Coming Back, Moving Forward

My husband Julian and I spent last weekend at Farm Sanctuary in Watkins Glen, New York. Neither of us had been before and we spent two nights in a tiny house (part of Farm Sanctuary’s bed and breakfast accommodations) and two full days getting to meet rescued farm animals: turkeys, cows, pigs, goats, sheep and ducks.  I wrote a post about it and included some pictures of the animals over at my other blog so if you’d like to read more about our visit, just click here.

Since going vegan in 2013, I have discovered that there are only a few places where I can just exhale and not have to be on guard at the meal table or wonder if someone is going to say something stupid about vegans: one is our home, one is around other vegans, and the other is at animal sanctuaries. In these surroundings I am able to truly relax; to be allowed to be a vegan without having to censor myself in some way or worry if I’m going to have to defend my choice to not eat animals at any given moment. And while I have never regretted my decision to go vegan, for me it is crucial that I have people and places like this in my life where I can be myself, with full acceptance of who I am and what is important to me. Without them I think the reality of how our world views, portrays and treats animals would be unbearable.

As Julian and I drove home from New York to Ontario, it didn’t take long before that harsh reality revealed itself once more: driving along the Interstate we saw three empty slaughterhouse trucks coming back from our country’s borders, and when we stopped for the washroom, we were met with this obnoxious print ad from Arby’s:

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At the top of the ad you can see the silhouettes of five animals – cow, pig, turkey, chicken, fish – even pictured as WHOLE despite the fact that they would have been reduced to lifeless shreds in order to make the very sandwiches Arby’s is promoting here. To see these animals represented like this after having just spent two days petting some of them, learning their names and their rescue stories, was especially jarring.

Going back to work is yet another challenge: Julian’s co-workers don’t really ask how his trip went and the ones that do seem to simply tolerate his response.  Not many ask to see photos of farm animals even though many of those same people wouldn’t hesitate to insist that he look at photos of their dog or cat.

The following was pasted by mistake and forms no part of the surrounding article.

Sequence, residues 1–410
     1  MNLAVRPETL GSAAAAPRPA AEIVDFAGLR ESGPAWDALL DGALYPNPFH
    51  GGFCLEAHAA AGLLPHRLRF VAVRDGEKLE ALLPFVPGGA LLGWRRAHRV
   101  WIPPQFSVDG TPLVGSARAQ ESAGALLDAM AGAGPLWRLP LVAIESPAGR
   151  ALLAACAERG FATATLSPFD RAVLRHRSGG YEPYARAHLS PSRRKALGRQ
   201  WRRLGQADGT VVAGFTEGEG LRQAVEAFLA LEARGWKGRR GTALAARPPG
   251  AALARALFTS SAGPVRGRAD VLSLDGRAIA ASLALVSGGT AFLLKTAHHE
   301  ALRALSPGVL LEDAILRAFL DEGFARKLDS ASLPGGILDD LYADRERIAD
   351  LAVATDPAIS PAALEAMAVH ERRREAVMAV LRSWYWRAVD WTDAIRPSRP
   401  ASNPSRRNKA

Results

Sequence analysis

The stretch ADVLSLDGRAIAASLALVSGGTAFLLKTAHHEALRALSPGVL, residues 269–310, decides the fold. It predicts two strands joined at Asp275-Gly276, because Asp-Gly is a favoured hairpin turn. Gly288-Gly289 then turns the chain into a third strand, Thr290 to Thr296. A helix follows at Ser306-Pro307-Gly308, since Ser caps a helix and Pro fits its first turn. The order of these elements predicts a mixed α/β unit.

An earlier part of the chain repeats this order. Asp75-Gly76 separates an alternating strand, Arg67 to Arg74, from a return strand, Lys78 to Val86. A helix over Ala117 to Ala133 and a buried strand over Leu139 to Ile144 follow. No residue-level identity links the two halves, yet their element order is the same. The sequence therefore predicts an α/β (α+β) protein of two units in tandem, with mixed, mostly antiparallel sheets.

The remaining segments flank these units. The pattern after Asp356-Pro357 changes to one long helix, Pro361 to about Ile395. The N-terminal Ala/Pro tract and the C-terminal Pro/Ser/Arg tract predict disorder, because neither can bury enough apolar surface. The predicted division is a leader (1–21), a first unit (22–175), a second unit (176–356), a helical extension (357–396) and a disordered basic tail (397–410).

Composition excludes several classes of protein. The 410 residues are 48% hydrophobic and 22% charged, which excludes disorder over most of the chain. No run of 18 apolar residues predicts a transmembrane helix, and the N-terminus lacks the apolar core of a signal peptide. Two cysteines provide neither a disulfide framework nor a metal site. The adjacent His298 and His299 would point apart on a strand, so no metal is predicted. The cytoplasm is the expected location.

As for my workplace, which is actually a vegan production facility so I certainly have more freedom than Julian, it’s still a place where not everyone is a vegan and the new person who was hired this week told me in great detail (on my second day back) about the steak she ate for dinner the night before. Just as I start to think that people at least get the idea of what being vegan stands for, I’m reminded that they really fucking don’t.  It makes me wary of trusting people with my experiences and it makes me want to never share anything as personal or as special as a visit with rescued farm animals. Why would I share something so near and dear to my heart only to risk having it mocked or marginalized?

Yet in spite of everything – as awful as it is to see and hear animals characterized as nothing more than ingredients, a product to sell or a meal to consume, it also emboldens me to be more of a voice for them. This human obliviousness needs to end. People need to understand who and what they’re eating – they need to know the immense confinement, mutilation and suffering animals go through just to get to their plate.  As shitty as it feels to be unheard and dismissed, being vegan isn’t about me – it’s about the animals.  Seeing them in person and at peace one day and then seeing them visibly removed and in pieces the next is a powerful motivator to do more.

The contradiction is too great for me to do anything less.

img_2035Maggie at Farm Sanctuary, October 30, 2016.

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